Do we REALLY have to partner?
“When I first began to understand the role of illegal logging and the global timber trade as a driver of deforestation in Asia Pacific, I knew it was going to require an approach that was different from anything we had tried previously,” reflects Jack Hurd, one of the thought-leaders of a Conservancy-led partnership called Responsible Asia Forestry and Trade (RAFT).
While protected areas are an important part of most conservation strategies, in Asia Pacific, some of the most ecologically important areas – like Orangutan habitat – are found within timber concessions that are owned by the government and leased to private companies. Conserving these areas requires a combination of better public policies and better corporate practices, including collaborative management arrangements with local communities. Due the global nature of the timber supply chain, there are multiple inflection points where a single decision can have far-reaching implications; from showroom floor, to factory, to forest. This necessitates working in multiple countries at the same time.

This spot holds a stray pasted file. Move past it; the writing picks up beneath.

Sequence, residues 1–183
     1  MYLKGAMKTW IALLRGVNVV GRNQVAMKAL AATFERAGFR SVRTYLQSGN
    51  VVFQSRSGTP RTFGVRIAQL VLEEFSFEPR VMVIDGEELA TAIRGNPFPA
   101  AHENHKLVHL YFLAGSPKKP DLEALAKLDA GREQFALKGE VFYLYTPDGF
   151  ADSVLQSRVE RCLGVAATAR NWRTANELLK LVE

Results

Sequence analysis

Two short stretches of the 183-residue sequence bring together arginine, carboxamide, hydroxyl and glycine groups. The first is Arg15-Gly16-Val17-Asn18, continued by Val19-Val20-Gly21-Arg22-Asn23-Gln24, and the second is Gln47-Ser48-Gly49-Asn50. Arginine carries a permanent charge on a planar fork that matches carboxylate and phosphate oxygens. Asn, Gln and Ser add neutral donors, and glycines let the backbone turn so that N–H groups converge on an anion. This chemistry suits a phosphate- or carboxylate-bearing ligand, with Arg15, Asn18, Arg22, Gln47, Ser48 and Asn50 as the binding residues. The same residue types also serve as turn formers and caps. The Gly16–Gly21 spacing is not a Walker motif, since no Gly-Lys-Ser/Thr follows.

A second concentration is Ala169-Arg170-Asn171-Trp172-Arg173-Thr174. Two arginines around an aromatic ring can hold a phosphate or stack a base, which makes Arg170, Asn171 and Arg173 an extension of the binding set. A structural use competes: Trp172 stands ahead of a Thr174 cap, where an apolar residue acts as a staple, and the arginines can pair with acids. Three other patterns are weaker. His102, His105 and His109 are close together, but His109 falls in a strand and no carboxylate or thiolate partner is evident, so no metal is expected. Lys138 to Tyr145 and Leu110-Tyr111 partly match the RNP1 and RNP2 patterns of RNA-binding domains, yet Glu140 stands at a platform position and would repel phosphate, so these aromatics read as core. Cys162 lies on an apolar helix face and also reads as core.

“As we grappled with the question of how we could even begin to influence a multi-million dollar industry with our limited funding and staff capacity, we realized that there were others that felt the same way. For years, we had been competing for funds, but each of these efforts on their own was never going to be enough to halt and ultimately begin to reverse the trajectory of deforestation.” In 2006, Jack and others started a conversation about doing something bigger together.
Read on, and see what might resonate with you.
TIP: Partnering with organizations operating in the same space is an effective way to both inform public policies (which ultimately sanction the behavior of industry) and translate these policies into better practices on the ground.
Working together…not just on paper
Of course, partnership can mean a lot of things and is easier said than done. When RAFT began, there was not a clear recipe for organizing the partnership. It required trial and error.